The numbers on a marine chart represent soundings done by agencies such as the National Oceanic and Atmospheric Administration, or NOAA. The international unit of measure is the fathom, which is equal to 6 feet. Soundings are the measurement of depth at low tide, usually taken by the marine equivalent of GPS technology. The numbers on the chart represent the sounding results in fathoms, which gives the depth in feet when multiplied by six.
Matching the ocean depth to the draft of a vessel keeps that ship or boat from running aground. The draft is the measurement from the waterline to the lowest part of the boat, usually the keel. Maritime charts are also marked with known underwater hazards and restricted areas.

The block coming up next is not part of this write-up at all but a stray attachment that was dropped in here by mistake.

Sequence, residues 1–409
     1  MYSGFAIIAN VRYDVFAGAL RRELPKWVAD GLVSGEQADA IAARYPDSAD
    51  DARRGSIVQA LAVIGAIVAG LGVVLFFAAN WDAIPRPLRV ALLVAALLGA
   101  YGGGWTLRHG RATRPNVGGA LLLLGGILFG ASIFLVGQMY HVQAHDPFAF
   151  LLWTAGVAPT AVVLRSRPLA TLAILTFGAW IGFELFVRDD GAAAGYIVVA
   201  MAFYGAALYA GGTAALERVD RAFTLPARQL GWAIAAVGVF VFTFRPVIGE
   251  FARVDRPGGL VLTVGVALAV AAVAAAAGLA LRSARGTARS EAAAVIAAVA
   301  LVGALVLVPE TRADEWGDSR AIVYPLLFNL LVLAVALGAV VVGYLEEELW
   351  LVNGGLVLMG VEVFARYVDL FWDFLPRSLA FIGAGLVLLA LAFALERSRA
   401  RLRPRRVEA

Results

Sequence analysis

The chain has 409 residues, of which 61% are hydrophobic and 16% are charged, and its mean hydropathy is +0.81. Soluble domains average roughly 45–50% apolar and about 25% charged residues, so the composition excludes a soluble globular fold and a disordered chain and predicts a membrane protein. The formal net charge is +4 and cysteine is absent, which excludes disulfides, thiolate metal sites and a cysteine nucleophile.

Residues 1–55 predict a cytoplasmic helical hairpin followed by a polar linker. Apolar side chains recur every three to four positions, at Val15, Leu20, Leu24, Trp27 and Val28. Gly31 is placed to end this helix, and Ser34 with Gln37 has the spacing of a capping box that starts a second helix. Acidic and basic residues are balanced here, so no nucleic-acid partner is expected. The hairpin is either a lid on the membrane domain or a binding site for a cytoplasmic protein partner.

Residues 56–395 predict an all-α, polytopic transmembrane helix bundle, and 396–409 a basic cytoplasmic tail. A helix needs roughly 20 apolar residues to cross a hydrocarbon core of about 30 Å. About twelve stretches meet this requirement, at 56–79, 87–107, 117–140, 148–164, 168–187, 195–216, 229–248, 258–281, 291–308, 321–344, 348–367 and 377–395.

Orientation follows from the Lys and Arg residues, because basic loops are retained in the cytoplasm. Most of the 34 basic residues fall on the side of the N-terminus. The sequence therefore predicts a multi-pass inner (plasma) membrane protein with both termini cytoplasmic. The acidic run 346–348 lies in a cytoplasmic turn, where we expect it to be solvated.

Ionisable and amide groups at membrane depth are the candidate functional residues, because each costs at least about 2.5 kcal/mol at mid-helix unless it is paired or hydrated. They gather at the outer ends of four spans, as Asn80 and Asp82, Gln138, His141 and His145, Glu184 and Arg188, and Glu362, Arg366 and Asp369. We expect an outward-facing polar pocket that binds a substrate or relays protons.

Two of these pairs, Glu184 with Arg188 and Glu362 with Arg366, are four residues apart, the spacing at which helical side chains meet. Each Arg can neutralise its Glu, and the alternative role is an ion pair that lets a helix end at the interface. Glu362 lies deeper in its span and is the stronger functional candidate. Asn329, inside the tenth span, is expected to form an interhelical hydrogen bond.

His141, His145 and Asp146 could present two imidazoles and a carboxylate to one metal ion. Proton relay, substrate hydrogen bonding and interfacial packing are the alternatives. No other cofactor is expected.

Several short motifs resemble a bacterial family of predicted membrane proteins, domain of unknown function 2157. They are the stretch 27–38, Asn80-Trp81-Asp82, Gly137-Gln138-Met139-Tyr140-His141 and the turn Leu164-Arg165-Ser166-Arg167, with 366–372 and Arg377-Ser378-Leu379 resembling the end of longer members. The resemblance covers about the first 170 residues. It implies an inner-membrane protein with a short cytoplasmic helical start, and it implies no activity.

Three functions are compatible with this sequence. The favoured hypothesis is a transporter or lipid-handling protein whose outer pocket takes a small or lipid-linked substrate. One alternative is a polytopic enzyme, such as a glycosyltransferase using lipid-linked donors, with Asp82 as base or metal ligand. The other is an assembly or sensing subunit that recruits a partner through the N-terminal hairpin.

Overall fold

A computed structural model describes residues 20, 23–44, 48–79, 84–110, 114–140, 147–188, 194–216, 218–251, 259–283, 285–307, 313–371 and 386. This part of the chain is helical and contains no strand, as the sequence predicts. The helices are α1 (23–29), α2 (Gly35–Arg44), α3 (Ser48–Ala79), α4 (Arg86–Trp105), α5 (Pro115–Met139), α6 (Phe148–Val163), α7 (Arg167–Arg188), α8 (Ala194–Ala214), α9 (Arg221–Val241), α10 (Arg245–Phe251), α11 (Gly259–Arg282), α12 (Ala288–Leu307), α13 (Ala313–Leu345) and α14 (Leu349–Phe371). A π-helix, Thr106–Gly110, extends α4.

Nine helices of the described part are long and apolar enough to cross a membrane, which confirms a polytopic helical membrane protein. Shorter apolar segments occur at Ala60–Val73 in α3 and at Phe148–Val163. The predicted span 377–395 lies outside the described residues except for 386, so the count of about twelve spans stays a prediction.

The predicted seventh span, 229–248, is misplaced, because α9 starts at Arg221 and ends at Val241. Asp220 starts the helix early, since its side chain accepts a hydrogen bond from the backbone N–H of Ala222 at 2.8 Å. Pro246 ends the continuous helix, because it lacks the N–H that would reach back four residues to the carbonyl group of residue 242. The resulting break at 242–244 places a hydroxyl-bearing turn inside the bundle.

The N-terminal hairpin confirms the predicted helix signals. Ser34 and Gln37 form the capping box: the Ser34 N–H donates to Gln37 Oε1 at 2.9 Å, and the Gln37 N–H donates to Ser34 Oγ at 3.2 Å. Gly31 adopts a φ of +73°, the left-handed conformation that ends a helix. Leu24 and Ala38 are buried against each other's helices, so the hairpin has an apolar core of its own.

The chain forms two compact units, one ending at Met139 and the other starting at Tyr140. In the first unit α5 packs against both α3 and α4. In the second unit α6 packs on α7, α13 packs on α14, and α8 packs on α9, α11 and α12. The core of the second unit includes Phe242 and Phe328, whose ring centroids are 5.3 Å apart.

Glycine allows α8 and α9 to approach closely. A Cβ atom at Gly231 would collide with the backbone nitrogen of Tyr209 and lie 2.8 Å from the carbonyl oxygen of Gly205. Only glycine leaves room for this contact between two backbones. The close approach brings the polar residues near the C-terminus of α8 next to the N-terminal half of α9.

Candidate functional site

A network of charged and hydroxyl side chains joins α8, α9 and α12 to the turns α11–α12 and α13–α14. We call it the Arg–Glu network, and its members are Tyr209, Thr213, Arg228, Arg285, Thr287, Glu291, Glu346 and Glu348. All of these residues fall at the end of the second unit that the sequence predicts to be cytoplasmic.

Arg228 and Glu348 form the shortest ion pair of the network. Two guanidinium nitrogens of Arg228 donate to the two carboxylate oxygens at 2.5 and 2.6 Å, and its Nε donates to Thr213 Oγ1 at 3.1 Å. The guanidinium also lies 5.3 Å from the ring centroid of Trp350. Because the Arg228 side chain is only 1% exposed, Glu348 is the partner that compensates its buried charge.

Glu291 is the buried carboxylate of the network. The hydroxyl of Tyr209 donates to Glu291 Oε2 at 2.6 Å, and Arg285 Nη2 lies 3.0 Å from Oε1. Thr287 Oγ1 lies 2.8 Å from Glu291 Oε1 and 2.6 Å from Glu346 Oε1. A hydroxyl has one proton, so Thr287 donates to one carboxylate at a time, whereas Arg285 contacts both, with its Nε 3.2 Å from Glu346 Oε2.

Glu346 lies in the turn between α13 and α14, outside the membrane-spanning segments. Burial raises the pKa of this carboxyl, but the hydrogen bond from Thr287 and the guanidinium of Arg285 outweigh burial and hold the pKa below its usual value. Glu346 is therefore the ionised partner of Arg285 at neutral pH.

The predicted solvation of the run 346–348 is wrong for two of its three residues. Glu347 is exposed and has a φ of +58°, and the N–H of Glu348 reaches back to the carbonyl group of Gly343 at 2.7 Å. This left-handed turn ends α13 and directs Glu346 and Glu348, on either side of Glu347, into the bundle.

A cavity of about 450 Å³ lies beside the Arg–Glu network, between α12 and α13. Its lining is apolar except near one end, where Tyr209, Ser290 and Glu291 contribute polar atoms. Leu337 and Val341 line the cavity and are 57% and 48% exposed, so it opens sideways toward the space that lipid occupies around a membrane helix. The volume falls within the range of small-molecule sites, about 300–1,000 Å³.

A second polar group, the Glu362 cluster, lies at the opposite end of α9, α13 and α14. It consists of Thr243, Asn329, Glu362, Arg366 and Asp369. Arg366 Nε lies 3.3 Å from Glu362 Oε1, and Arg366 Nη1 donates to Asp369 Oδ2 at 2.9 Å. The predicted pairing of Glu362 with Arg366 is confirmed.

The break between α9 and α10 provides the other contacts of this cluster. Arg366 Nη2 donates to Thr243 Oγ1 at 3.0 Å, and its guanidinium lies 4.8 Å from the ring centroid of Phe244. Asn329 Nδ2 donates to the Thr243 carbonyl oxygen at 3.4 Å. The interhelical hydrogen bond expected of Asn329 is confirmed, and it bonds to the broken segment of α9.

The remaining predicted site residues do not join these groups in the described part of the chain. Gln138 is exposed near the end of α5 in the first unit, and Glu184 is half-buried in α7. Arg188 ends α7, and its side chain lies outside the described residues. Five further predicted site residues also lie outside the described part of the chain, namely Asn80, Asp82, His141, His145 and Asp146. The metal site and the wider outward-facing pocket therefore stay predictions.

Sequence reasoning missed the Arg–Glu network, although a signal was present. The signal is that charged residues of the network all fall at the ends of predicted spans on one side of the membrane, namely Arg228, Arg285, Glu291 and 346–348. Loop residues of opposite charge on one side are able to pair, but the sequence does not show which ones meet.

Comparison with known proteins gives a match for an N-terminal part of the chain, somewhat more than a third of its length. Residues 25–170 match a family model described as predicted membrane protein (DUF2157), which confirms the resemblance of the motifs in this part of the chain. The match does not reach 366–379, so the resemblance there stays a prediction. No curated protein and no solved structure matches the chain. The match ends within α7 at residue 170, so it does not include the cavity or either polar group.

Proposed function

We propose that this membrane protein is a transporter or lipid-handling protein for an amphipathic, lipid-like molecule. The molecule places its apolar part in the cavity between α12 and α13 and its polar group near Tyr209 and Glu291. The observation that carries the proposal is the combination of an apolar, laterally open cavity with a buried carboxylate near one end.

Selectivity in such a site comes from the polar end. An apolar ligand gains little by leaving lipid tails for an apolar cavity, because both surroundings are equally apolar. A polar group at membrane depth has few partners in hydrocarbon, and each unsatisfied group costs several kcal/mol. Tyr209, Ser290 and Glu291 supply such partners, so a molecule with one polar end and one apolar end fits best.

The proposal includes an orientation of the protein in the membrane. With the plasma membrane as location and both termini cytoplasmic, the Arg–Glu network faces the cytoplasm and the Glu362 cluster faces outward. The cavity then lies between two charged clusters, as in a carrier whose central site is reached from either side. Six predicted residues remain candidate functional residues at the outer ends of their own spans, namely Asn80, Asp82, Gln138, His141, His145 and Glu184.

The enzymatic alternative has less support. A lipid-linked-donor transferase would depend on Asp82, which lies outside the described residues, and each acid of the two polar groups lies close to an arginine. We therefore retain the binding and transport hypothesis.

For example, looking at a chart for Hawaii, there are a number of smaller islands on the western end of the chain where the waters and those islands are restricted. The entire zone is outlined and marked "Area To Be Avoided." In this case, the area is part of the Hawaiian Island National Wildlife Refuge, which may only be visited with a permit. The depth information is still provided.
For the main island of Hawaii, the chart shows colored blue areas next to the shore. These are the shallows, with the depth numbers shown. Shallower depths are usually colored. Similarly, the same types of colored areas and numbers surround the other islands.